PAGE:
Posted inReview

The Society of the Spectacle

Modernist literature has a special fascination with Wagner. The voices of “Das Rheingold” and “Tristan und Isolde” drift across T. S. Eliot’s “The Waste Land.” Virginia Woolf’s The Waves bears the imprint of the composer’s motivic method, along with the symbolism of the “Ring” Cycle and “Parsifal.” A lusty Wagnerian atavism is stamped all over […]

Posted inInterview

Healthy Confusion

Alex Ross’s Wagernism: Art and Politics in the Shadow of Music was released in September to wide acclaim. In VAN, Alison Kinney described the book’s complex, nuanced approach to art and morality: “Ross recognizes, and reshapes, the world of Wagnerism as it is, for good and for bad, and makes room for the inadequacy of […]

Posted inReview

The Ecstasy of Knowledge

Early in Wagnerism: Art and Politics In the Shadow of Music, a history of the cult of fandom devoted to the operas of 19th-century German composer Richard Wagner, Alex Ross drops a charming anecdote from the 1850s. Poet and critic Auguste de Gasperini told of being “subjugated” by Wagner’s music, suffering what Ross calls “an […]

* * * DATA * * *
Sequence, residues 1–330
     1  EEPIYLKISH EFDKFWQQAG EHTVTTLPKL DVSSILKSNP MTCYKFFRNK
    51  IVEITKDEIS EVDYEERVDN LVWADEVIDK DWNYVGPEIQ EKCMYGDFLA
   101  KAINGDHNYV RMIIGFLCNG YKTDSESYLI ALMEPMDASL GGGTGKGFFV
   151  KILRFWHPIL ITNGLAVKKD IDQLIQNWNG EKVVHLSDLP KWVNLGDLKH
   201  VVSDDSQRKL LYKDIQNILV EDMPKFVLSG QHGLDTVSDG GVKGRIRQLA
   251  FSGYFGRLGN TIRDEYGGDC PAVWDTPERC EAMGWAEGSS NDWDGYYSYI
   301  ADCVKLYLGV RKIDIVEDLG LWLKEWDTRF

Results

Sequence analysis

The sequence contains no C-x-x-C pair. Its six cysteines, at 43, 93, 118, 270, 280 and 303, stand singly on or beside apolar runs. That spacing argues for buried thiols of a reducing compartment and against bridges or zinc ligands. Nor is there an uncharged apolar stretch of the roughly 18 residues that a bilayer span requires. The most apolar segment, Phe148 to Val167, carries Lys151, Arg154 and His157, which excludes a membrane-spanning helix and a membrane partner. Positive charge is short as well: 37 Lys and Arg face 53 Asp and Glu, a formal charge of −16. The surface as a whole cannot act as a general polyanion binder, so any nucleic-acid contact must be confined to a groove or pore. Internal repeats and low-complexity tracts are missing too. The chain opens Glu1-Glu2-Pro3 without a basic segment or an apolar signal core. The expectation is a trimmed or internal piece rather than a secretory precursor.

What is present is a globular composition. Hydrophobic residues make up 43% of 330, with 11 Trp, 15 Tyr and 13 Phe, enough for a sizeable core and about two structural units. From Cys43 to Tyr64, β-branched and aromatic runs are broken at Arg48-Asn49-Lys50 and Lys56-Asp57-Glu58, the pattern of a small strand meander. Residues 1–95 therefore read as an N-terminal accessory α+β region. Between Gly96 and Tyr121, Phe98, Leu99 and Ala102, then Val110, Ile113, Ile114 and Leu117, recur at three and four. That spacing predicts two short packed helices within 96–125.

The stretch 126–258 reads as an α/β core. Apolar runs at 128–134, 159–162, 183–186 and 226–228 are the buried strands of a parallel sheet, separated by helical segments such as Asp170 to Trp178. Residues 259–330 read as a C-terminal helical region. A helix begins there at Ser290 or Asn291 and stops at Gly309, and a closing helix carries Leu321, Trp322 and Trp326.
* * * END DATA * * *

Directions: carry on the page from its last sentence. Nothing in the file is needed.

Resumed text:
Posted inRankings & Roundups

Piano Entanglements

In the spring, while stuck at home avoiding the coronavirus, I read Lea Singer’s forthcoming novel, The Piano Student, which tells the story of Vladimir Horowitz’s affair with a 23-year-old male protege, Nico Kauffman. Drawing from Horowitz’s actual letters to Kauffman, Singer depicts a forbidden relationship in which Horowitz vacillates between ardently declaring his love […]

Posted inRankings & Roundups

Keyboard Warriors

Stravinsky puts it pithily enough: Music “expresses nothing outside of itself.” It’s a dictum that puts critics like me on the back foot, accusing us of peddling only a pale and inadequate imitation of the thing itself. Those who can’t, write. But it also describes a deeper sense of music as incommensurable, elevated by thinkers […]